Once the scaffold is down, it is time to connect up the external drains to the sewer or septic tank. Some prefer to undertake this work at the groundworks stage, but this leaves the drains vulnerable to damage during building work — especially if they are exposed in the trenches around the building before backfilling.
Landscaping work to form the drive, paths, beds and lawns can be undertaken at almost any point in the project, providing it can be protected from damage by the building work. Most people wait until they are ready to move in.
Do not lay the final drive finish until all heavy vehicles and skips have finally left site.
14. First Fix Internal Work
Once the house renovation has a roof on, internal works can begin.
Internal stud wall frames can be built, flooring grade chipboard or floorboards can be fixed to joists, and ceiling joists can be added where required.
Door linings can now be fitted ready for the plasterers to work to (these are added later for dry-lining), and window reveals and cills can also be inserted.
Once the first fix carpentry (including new staircases) is complete, new first fix wiring and plumbing work can be undertaken, including soil pipes and drainage connections.
At this stage everything that will later be concealed by plaster needs to be installed, such as:
- ventilation ducts
- hot water cylinder
- extract ducts
- wiring for central heating controls
- speakers or any other home automation equipment.
Will Your House Renovation Need Rewiring?
Unless your house renovation has seen any recent modernisation work, there is a good chance a complete rewire will be required — an electrician will be able to tell you straight away, but tell-tale signs include Bakelite switches and old fabric covered flex.
Building Regulations now require all wiring to meet the current regulations and electricians will insist on this in order to be able to certify their work.
15. Plastering Walls and Screeding Floors
With first fix complete it is time to plaster, apply plasterboard/dry-lining to ceilings and any stud walls (tacking), and to repair any damaged plasterwork/mouldings.
In an older building, avoid using modern metal angle beads around arises, unless you want crisp clean lines: instead use timber beads.
Make sure you protect the stairs and any other vulnerable features while the plasterers are in, as it is a messy job.
New floor screeds for the ground floor will be laid at this point, usually after plastering to help keep it clean, but some like to screed and then plaster in order to create a neater joint between plaster and floor.
If you are laying underfloor heating, the pipes or cable elements will usually be laid after plastering, so that the manifolds can be fixed in place, but before screeding so that the pipes and elements are covered.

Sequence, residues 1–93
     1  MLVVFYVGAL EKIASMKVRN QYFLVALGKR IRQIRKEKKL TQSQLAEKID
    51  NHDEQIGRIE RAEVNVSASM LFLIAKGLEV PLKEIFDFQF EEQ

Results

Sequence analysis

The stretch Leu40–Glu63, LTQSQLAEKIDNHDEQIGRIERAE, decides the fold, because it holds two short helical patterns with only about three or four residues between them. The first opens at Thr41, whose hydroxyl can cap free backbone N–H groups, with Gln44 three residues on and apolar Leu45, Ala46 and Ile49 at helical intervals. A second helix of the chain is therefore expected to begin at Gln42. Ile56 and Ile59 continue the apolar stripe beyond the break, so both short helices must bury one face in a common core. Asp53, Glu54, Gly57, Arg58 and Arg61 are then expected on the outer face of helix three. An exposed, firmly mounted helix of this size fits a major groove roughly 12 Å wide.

16. Drying Out Time
Before bringing in any timber products (such as flooring etc.), the plaster and any new screed needs to be allowed to thoroughly dry out.
Depending on the time of year this will take from two to six weeks — the longer it can be left, the less the danger of moisture causing problems with second fix joinery and especially wooden floors.
17. Lay Fixed Flooring
Whilst some people choose to lay fixed flooring such as flagstones, ceramic tiles and solid wooden floors after fitting the kitchen, sanitary ware and built-in furniture, there are several reasons why this is not a good idea.
Laying these floors from edge to edge of each room beforehand avoids many problems later in terms of uneven edges and also leaves flexibility to change these items in further down the line.
18. Second Fix Work
You have reached the point in your house renovation to:
- Connect the consumer unit and fit all light fittings, sockets, switches, phone and TV points and the extractor hood
- Hang all doors and fix skirting, architrave, spindles and handrails
- Install the bathroom fittings and connect the taps
- Install the boiler and controls, and fit radiators
- Fit the kitchen and complete any fitted furniture
- Box in any pipes or soil stacks ready for the decorators
- It is also time for the plumber and electrician to commission the heating system
19. Decorating and Finishing Your House Renovation
Painting and staining should only begin once all second fix work and preparation is complete to ensure the building is clean and dust free — otherwise it will be impossible to get a good finish.
Kitchen and bathroom wall tiling can now be carried out.
Shower enclosures and doors can be fitted once tiling is complete. Finally, once decorating is complete, any soft floor coverings, such as vinyl and carpet can be laid and the white goods such as the oven, hob, fridge and washing machine can be fitted.
20. Moving Into Your House Renovation
The building is ready to move into, but before doing so it is a good idea to have a final clean throughout.
Small problems will inevitably crop up over the ensuing months.
Fix these problems as they arise, or, if you used tradesmen, ask them back, although expect to have to pay them for defects that are not their fault, such as plaster cracks.
If you used a main contractor, you may have held back a retention of 2.5-5% on the final payment. This sum is released once they have returned and resolved any defects.